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We are sharing Serhiy Bukovsky’s memories about cooperation with Borys Peter. Films from the Borys Peter. Silent Pause programme will be available to watch in the DOCUSPACE Online Cinema.
I can’t believe it. He is in the credits of four of my films. I was lucky: we made them together. For a long time, thoroughly, with inspiration. His soul is in every scene, the sound palette of the whole. Will the inexperienced audience hear it? The eternal question. And it has no answer. Or does it?
Letters are combined into words. Words into sentences. Only fragments.
2000. Kyiv, Kyivnaukfilm.
Ihor Baraba and Borys Peter are editing the sound for Say Your Name. A small studio. It’s cold. We’re watching a finished episode. It’s extremely complex. Important. The culmination. A woman tells the story of how she escaped after the massacre of Jews in 1941. She hid under the bodies of the murdered people. A child. The German patrol noticed her. But it was night. She hid in the grass. On the edge of a cliff. Her sync is on the laptop screen. The laptop is in a train compartment. The camera pans to the bleak landscape outside the window. There are groves and dry grass outside. The camera returns to the train compartment, to the laptop screen. End of sync. An empty train corridor. The passengers are sleeping. A baby is crying somewhere.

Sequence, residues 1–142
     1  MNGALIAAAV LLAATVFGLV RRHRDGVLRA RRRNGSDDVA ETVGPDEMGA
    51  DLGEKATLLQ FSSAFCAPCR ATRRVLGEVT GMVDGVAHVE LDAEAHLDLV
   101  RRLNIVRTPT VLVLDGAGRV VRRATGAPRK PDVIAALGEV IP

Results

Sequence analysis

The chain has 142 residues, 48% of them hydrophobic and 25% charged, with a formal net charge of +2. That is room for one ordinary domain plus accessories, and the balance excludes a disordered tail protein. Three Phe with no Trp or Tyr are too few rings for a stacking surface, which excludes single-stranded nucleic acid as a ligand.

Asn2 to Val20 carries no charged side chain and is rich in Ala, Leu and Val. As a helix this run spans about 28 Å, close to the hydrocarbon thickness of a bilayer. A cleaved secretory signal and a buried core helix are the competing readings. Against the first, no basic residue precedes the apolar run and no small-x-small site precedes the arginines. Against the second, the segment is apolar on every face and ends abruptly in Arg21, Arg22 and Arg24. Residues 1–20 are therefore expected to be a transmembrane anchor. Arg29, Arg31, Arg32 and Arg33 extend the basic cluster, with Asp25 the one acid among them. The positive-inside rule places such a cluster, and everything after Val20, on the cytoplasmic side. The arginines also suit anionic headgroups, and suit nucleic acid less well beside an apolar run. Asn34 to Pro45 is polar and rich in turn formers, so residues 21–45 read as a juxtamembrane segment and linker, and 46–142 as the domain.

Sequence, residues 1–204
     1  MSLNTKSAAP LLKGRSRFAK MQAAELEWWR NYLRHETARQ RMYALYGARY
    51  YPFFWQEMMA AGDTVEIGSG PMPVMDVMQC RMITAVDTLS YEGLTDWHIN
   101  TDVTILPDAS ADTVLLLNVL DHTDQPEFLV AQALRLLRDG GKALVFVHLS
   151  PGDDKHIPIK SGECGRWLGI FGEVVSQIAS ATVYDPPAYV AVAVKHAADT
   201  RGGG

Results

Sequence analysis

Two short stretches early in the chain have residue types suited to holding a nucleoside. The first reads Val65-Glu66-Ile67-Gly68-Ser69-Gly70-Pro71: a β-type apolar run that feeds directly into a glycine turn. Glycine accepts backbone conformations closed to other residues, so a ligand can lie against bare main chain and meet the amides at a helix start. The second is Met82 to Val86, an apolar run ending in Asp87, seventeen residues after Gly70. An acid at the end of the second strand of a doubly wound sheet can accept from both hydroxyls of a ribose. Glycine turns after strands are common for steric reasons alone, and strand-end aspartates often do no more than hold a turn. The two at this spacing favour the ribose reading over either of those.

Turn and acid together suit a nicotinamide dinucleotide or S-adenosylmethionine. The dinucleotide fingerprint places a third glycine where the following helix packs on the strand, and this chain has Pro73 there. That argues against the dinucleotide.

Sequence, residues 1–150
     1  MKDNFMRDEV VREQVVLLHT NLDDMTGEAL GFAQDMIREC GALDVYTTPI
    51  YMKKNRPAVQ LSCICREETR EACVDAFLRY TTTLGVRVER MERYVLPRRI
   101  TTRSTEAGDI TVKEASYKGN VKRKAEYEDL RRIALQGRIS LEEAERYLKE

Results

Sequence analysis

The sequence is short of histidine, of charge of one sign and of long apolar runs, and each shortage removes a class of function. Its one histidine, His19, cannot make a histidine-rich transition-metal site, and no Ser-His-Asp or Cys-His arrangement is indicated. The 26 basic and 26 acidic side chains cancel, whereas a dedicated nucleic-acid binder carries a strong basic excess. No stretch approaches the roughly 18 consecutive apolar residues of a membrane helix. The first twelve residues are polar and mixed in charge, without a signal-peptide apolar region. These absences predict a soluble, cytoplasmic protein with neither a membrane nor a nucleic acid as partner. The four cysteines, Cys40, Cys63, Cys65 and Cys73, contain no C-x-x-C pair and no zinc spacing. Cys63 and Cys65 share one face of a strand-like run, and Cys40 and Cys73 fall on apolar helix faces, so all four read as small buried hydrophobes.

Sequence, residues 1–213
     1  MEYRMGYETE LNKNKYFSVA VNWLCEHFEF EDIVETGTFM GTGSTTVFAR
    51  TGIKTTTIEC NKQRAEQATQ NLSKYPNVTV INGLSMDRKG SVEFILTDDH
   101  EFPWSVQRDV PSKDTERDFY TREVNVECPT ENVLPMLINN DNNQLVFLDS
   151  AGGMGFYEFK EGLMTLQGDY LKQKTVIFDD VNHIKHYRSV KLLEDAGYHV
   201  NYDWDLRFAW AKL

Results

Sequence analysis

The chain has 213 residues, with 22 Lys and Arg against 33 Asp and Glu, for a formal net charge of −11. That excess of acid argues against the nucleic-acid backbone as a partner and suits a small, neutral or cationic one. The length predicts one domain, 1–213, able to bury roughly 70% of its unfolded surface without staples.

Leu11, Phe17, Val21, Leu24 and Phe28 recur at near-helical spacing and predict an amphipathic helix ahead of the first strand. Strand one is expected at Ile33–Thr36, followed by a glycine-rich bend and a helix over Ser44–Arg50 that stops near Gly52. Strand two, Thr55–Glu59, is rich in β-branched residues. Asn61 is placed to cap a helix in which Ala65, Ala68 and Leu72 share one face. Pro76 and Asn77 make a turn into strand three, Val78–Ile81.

Thirty… I think there were thirty noise tracks: the clickety-clack of wheels, the squeaking of the car, the flipping of pages. Ihor and Boria did everything perfectly. It’s a strong scene. Self-sufficient. Which means it drops out of the film’s fabric. They realize it. We change everything again. Watch it again. And again, and again. We’ve simplified everything. Embedded the scene in the context of the whole. Boria always thought in terms of the whole film. He never tried to shift the focus to himself.
2021. Hlevakha village.
Borys’s funeral. Saying goodbye. The coffin is lowered into the grave. The silence is broken by the sound of a train passing by. The wheels clack for a long time. I think: Boria would approve of this soundtrack. I recall our variations with the wheels.
And Boria’s pervasive, beaming smile: “Serhiy Anatolich! What if we do it this way? Let’s see.”
My last work with Boria. A three-part film, V. Sylvestrov. The gradient of quiet music. A lot of silence. It needs to be made. The maestro’s drafts play off screen, recorded by himself in his apartment. A pastoral to lyrics by Shevchenko. A creaking voice. The sound quality is terrible. Boria’s magical work. He pulls it all out. He saves the soundtrack. Chills down my spine: that’s how the voice sounds now. We edit the sound for two months. Will the inexperienced audience hear it? I know the answer. They will definitely feel it.
Borys Peter’s daughter sings in the Shchedryk Choir. They will sing before a screening in Borys Peter’s retrospective.